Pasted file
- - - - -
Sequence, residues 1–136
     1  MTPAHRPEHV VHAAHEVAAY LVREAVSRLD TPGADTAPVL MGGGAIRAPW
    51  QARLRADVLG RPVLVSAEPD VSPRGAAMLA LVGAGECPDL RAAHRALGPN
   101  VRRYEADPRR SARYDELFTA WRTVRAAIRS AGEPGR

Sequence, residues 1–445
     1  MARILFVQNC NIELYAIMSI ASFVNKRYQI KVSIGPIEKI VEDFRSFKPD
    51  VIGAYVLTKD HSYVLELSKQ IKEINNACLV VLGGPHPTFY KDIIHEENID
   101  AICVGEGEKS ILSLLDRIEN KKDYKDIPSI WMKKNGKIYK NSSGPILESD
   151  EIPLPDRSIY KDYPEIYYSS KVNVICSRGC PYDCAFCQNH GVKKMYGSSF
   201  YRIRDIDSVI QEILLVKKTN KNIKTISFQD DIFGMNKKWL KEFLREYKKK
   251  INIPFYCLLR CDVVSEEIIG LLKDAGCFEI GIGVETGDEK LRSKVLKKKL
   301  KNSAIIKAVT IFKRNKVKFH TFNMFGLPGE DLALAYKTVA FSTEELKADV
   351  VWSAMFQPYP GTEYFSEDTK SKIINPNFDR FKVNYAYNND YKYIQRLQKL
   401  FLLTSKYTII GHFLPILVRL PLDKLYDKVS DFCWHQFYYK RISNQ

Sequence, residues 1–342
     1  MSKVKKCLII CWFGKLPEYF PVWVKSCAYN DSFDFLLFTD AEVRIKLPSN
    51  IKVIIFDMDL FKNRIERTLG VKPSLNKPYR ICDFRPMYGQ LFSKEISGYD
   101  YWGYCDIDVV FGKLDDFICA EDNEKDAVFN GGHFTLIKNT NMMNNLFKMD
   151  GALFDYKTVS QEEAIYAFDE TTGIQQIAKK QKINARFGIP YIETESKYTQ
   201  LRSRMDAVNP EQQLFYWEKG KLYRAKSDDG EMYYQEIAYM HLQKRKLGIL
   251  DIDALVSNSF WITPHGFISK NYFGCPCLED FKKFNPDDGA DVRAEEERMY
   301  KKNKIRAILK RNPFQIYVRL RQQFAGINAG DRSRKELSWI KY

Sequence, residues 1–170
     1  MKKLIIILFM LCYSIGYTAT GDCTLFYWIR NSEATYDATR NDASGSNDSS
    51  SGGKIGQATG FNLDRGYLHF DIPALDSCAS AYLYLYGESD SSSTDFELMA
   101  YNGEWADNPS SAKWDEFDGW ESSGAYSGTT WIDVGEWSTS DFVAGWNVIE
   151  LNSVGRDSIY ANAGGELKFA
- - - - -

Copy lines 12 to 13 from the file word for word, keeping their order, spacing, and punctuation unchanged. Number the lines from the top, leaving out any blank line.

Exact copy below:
   301  KNSAIIKAVT IFKRNKVKFH TFNMFGLPGE DLALAYKTVA FSTEELKADV
   351  VWSAMFQPYP GTEYFSEDTK SKIINPNFDR FKVNYAYNND YKYIQRLQKL